A great way to become more adaptable in the workplace is to adopt what’s known as a growth mindset. This is a way of thinking that accepts unexpected changes (and mistakes) as inevitable, and defines them as excellent opportunities to learn and improve.

Indeed, the less we fear and resist such occurrences, the more energy we can dedicate to devising solutions.

According to the American Institute of Stress, work-related stress affects 83% of all workers, which results in 1 million Americans missing work every day. This, as you can imagine, gets very costly for employers.

While companies should be doing their best to promote employee wellbeing through fair remuneration and personalized benefits, each of us can still take steps to safeguard our own mental health in the office.

Some ways you can do this include prioritizing your work–life balance, spending time with loved ones, volunteering, and exercising frequently.

It’s not just managers and C-level executives that are expected to demonstrate leadership skills. Problem solving, decision making, accountability and adaptability are just some of the soft skills that belong under the leadership skills category, and, as you can imagine, even the most junior member of the team can benefit from having them.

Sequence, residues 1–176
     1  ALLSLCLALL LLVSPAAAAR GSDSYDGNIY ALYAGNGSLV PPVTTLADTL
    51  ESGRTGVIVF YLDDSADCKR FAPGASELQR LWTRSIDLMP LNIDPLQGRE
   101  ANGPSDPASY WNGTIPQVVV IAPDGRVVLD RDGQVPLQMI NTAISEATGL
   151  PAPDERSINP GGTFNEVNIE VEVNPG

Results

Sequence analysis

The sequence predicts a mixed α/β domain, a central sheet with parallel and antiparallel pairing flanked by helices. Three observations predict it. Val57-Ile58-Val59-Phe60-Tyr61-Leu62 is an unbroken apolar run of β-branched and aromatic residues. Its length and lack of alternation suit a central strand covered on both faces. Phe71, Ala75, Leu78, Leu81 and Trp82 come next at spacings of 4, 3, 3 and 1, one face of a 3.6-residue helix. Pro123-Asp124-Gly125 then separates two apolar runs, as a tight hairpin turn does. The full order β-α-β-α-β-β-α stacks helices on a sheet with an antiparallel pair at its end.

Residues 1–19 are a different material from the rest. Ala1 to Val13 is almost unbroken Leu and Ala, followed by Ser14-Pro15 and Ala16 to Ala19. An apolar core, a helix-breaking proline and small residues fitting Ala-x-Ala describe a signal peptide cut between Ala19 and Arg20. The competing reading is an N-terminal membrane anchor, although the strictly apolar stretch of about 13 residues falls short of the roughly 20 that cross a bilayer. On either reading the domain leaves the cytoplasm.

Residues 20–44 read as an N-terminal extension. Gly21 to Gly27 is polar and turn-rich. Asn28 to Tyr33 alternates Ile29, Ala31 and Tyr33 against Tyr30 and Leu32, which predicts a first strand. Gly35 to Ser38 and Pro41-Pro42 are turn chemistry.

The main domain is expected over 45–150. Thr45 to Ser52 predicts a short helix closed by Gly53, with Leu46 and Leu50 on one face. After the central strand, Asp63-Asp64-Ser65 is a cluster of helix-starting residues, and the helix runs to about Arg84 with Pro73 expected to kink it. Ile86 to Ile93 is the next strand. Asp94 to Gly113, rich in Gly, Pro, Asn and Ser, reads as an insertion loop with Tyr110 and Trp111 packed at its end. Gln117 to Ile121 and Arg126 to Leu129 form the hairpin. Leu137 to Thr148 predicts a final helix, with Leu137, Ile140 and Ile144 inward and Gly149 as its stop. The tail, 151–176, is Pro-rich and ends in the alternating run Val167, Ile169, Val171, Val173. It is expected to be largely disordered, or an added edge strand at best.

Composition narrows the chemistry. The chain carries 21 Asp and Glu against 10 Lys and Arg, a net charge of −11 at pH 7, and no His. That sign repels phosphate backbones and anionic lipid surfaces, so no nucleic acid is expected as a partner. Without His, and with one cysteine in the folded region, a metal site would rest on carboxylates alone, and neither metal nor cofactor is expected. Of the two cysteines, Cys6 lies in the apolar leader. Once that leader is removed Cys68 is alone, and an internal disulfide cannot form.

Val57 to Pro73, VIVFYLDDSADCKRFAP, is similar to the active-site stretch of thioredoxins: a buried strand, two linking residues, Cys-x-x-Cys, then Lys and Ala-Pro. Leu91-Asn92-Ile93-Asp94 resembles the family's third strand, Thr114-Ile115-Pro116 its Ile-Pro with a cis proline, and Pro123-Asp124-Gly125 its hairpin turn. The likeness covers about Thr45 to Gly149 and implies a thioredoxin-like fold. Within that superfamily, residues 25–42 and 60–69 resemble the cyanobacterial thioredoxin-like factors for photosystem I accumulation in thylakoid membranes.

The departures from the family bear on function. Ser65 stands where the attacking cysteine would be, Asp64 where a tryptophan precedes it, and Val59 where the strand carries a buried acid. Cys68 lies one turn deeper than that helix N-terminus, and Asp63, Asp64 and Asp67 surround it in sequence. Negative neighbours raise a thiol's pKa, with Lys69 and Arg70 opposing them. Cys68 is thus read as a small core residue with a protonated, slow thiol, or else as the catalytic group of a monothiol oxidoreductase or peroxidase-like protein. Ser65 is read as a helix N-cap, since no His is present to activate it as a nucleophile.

Taking initiative, asking for more responsibility and holding yourself accountable (all great ways of demonstrating leadership ability) require you to feel confident. Embracing a growth mindset, investing in your ongoing learning and dealing effectively with mistakes can all boost your self-esteem in the workplace.

7. Coding

Although many of the skills on this list are soft skills, certain technical skills are also in high demand.

As our dependency on technology continues to grow in multiple ways, companies are always on the lookout for skilled coders who can help improve their product, service or way of working with their know-how.

Luckily, the internet is full of free and affordable resources, such as courses and tutorials, that can help you improve your coding skills or learn a new programming language.

8. Emotional intelligence

In the words of Alan Price, CEO of BrightHR, “emotionally intelligent employees have a strong ability to empathize, self-regulate and outperform”.

Indeed: the more aware and in control you are of your emotions, and the more in tune with the emotional worlds of those around you, the better you can communicate, collaborate and keep misunderstandings from escalating. This, of course, is highly desirable for companies that end up losing billions each year due to poor communication and workplace conflict!

To boost this vital soft skill, start by reading a few self-help or psychology books, and consider enrolling in a relevant online course.

9. Prioritization